5. @Alec My friend is not conventionally daft. He has a first class degree and a responsible job. However you are clearly right in saying that the future is unpredictable but that it is possible to identify issues and that this makes it easier to act intelligently.

    In this case the issue my friend identified for Labour is that they are finding it difficult to frame a policy that conforms to what is widely deemed sensible and to satisfy their supporters demands for a fairer society and decent jobs. Hence on the one hand Ed Balls claims that he is going to go on with austerity and on the other they fail to state what cuts exactly they are going to make,

    In this respect the Tories do a better job of putting it across that policies that favour their side are essentially the ones that any tough minded person would take if they had the nation’s interests at heart.You rightly, as I see it, describe this view as deficit fetishism but Labour has failed to craft comparable mantras of their own, coming across instead as kind of Tory-lite.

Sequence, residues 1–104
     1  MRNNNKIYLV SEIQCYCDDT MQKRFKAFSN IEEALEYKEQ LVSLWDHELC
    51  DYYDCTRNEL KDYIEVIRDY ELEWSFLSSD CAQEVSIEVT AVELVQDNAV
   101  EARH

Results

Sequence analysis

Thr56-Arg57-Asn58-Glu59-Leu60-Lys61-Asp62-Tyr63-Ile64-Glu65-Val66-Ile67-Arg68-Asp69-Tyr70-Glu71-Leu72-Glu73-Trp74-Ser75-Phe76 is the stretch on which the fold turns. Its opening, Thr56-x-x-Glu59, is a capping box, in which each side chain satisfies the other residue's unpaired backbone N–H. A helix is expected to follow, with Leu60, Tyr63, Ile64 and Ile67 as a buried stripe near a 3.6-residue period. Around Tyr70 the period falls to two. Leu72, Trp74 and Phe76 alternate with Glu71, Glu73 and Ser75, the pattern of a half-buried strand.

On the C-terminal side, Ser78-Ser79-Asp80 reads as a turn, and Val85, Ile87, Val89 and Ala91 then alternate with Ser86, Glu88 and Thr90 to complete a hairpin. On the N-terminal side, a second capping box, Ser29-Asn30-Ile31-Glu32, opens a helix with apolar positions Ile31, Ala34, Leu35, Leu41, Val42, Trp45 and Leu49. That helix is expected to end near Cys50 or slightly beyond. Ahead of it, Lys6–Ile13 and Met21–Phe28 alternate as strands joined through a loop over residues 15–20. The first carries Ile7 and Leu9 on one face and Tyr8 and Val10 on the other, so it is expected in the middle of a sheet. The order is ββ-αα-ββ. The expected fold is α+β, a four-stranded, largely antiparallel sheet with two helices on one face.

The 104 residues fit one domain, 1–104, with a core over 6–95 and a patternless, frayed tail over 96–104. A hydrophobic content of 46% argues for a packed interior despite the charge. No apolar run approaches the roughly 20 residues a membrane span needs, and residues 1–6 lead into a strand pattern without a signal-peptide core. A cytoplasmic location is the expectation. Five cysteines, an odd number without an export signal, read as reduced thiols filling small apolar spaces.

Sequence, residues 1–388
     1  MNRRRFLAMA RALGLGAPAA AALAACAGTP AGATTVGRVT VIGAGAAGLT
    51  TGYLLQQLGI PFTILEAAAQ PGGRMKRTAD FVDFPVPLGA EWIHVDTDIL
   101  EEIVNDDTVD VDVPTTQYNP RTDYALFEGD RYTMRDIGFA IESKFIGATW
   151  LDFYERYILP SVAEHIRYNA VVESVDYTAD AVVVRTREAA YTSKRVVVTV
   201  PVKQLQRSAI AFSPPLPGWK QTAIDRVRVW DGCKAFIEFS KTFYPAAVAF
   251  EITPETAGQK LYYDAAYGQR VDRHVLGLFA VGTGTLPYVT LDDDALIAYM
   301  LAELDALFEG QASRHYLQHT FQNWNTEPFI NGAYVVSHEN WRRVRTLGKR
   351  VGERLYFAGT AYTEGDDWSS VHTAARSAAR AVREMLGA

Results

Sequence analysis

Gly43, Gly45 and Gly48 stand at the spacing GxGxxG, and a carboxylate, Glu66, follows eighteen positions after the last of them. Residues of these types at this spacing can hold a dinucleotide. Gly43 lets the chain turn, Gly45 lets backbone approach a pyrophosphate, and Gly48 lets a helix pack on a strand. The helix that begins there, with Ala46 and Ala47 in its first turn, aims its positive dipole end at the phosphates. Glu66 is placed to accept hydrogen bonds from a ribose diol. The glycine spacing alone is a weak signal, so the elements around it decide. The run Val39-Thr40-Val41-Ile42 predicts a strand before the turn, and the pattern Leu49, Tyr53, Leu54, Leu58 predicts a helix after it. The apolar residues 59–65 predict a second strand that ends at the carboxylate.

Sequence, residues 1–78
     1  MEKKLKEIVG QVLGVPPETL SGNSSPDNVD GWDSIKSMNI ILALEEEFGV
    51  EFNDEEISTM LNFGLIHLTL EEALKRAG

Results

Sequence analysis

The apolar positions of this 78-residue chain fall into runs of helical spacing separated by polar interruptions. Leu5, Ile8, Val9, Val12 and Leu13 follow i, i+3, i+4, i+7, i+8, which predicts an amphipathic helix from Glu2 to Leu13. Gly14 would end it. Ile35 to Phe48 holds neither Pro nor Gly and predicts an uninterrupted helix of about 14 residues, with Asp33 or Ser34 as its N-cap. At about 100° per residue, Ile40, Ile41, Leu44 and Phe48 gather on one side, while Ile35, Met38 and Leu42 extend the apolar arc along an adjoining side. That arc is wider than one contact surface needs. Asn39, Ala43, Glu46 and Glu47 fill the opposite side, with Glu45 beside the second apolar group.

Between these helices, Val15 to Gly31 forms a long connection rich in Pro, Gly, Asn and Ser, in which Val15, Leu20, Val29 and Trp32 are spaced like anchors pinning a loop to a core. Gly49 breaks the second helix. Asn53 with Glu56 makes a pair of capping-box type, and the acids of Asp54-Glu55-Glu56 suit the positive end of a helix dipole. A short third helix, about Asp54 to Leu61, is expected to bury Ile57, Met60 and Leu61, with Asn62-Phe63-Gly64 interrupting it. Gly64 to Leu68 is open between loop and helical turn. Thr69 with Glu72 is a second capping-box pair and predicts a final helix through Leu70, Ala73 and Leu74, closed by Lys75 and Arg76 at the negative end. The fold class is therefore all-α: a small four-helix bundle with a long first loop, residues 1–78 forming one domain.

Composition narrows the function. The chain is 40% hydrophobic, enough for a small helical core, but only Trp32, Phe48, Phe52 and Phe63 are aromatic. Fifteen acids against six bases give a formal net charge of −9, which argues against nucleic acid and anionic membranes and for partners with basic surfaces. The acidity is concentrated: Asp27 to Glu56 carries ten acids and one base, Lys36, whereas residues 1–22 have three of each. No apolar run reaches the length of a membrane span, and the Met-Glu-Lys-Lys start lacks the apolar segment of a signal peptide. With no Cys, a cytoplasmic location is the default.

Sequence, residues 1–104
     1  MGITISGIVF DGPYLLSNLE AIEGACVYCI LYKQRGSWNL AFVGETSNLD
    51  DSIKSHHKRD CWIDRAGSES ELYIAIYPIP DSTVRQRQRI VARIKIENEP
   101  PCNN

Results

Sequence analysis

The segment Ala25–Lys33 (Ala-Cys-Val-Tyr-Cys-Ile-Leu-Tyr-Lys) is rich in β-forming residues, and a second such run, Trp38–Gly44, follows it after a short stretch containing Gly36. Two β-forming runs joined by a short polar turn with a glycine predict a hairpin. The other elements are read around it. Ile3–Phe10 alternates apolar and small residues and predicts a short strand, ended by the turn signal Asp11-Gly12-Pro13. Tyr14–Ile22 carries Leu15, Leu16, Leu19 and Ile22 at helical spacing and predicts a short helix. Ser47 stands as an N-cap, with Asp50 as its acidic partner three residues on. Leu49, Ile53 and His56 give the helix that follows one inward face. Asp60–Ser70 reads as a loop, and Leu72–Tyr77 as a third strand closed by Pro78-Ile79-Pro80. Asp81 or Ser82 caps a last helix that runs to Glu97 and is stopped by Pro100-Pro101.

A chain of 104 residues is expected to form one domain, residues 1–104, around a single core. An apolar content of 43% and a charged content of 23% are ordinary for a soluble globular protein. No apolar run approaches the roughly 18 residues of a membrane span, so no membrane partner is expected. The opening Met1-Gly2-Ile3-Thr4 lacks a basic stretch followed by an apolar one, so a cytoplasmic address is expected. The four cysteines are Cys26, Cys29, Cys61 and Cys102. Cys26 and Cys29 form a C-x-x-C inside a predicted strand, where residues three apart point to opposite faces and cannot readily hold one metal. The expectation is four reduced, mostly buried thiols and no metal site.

6. Alec


    If, in 1973, you’d have predicted that within 10 years, a Govt would preside over 21% inflation, 15% interest rates and 3.2million unemployment and STILL win a landslide, you’d have been laughed at.

    If, in the height of the 1988 boom, you’d have said that Thatcher would be knifed within 24 months and Labour would be returned to power within 9 years with a 1945-esque majority, you’d have been shooed away from the grown-ups’ discussion.

    If, in 2006, you’d have said that the 2010 GE was going to be fought against the backdrop of the worst public finance position for 3 generations, and the run-up to the 2015 GE would see the three major parties struggling to pick up 70% of the vote between them, you’d have been sectioned.

    Prediction is very hard. Especially about the future.

  7. Charles,

    I don’t think Balls is saying he will continue with austerity. He wants to get the current account in balance (eventually!) but even that does not preclude investment. Or tax rises.

  8. @Lefty
    Prediction is very hard. Especially about the future.

    I can’t argue with that. Predicting the past is much easier. Some people call it research ;)

  9. @leftylampton – That it will be colder on average this winter than last summer, and that the conservatives will win Witney at the next election are pretty safe bets. That It will rain here three weeks from now or the party which wins the next election will not win the one after it are not.